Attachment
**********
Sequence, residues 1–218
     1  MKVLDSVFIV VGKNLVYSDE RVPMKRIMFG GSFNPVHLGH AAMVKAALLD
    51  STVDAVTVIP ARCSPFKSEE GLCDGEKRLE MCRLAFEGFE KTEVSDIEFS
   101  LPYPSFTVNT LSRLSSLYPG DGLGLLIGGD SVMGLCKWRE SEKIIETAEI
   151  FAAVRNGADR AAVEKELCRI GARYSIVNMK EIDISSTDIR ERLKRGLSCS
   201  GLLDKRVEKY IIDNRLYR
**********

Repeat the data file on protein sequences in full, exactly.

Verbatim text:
Sequence, residues 1–218
     1  MKVLDSVFIV VGKNLVYSDE RVPMKRIMFG GSFNPVHLGH AAMVKAALLD
    51  STVDAVTVIP ARCSPFKSEE GLCDGEKRLE MCRLAFEGFE KTEVSDIEFS
   101  LPYPSFTVNT LSRLSSLYPG DGLGLLIGGD SVMGLCKWRE SEKIIETAEI
   151  FAAVRNGADR AAVEKELCRI GARYSIVNMK EIDISSTDIR ERLKRGLSCS
   201  GLLDKRVEKY IIDNRLYR